17 U.S. Code § 305 - Duration of copyright: Terminal date

prev | next
All terms of copyright provided by sections 302 through 304 run to the end of the calendar year in which they would otherwise expire.


(Pub. L. 94–553, title I, § 101,Oct. 19, 1976, 90 Stat. 2576.)
Historical and Revision Notes

house report no. 94–1476

Under section 305, which has its counterpart in the laws of most foreign countries, the term of copyright protection for a work extends through December 31 of the year in which the term would otherwise have expired. This will make the duration of copyright much easier to compute, since it will be enough to determine the year, rather than the exact date, of the event from which the term is based.
Section 305 applies only to “terms of copyright provided by sections 302 through 304,” which are the sections dealing with duration of copyright. It therefore has no effect on the other time periods specified in the bill; and, since they do not involve “terms of copyright,” the periods provided in section 304 (c) with respect to termination of grants are not affected by section 305.
The terminal date section would change the duration of subsisting copyrights under section 304 by extending the total terms of protection under subsections (a) and (b) to the end of the 75th year from the date copyright was secured. A copyright subsisting in its first term on the effective date of the act [Jan. 1, 1978] would run through December 31 of the 28th year and would then expire unless renewed. Since all copyright terms under the bill expire on December 31, and since section 304 (a) requires that renewal be made “within one year prior to the expiration of the original term of copyright,” the period for renewal registration in all cases will run from December 31 through December 31.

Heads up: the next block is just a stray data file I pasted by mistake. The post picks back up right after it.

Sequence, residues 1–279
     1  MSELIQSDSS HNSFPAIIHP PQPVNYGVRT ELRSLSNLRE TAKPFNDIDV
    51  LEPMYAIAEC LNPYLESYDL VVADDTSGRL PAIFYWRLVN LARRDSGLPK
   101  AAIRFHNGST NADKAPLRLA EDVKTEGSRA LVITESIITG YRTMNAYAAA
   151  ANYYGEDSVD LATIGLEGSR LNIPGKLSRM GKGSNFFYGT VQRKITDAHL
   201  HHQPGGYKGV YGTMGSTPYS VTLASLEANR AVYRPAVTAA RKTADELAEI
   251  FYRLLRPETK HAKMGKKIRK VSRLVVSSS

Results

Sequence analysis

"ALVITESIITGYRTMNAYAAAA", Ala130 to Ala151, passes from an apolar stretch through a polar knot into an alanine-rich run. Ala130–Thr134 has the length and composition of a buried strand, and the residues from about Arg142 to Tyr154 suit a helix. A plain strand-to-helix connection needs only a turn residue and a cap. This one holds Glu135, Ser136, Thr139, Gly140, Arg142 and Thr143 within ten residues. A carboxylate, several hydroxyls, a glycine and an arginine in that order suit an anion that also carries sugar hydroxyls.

A special situation arises with respect to subsisting copyrights whose first 28-year term expires during the first year after the act comes into effect. As already explained in connection with section 304 (b), if a renewal registration for a copyright of this sort is made before the effective date [Jan. 1, 1978], the total term is extended to 75 years without the need for a further renewal registration. But, if renewal has not yet been made when the act becomes effective [Jan. 1, 1978], the period for renewal registration may in some cases be extended. If, as the bill provides, the act becomes effective on January 1, 1978, a copyright that was originally secured on September 1, 1950, could have been renewed by virtue of the present statute between September 1, 1977, and December 31, 1977; if not, it can still be renewed under section 304(a) of the new act between January 1, 1978, and December 31, 1978.

The table below lists the classification updates, since Jan. 3, 2012, for this section. Updates to a broader range of sections may be found at the update page for containing chapter, title, etc.

The most recent Classification Table update that we have noticed was Tuesday, August 13, 2013

An empty table indicates that we see no relevant changes listed in the classification tables. If you suspect that our system may be missing something, please double-check with the Office of the Law Revision Counsel.

17 USCDescription of ChangeSession YearPublic LawStatutes at Large


LII has no control over and does not endorse any external Internet site that contains links to or references LII.